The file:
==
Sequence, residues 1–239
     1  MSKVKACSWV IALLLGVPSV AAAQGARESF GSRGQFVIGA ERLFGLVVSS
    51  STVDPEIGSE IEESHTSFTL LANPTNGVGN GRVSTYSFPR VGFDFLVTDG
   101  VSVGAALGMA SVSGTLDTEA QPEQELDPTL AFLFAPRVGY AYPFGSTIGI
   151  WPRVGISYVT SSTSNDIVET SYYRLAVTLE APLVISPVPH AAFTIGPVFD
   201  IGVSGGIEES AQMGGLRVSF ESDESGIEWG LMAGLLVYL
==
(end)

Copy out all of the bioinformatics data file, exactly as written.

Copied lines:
Sequence, residues 1–239
     1  MSKVKACSWV IALLLGVPSV AAAQGARESF GSRGQFVIGA ERLFGLVVSS
    51  STVDPEIGSE IEESHTSFTL LANPTNGVGN GRVSTYSFPR VGFDFLVTDG
   101  VSVGAALGMA SVSGTLDTEA QPEQELDPTL AFLFAPRVGY AYPFGSTIGI
   151  WPRVGISYVT SSTSNDIVET SYYRLAVTLE APLVISPVPH AAFTIGPVFD
   201  IGVSGGIEES AQMGGLRVSF ESDESGIEWG LMAGLLVYL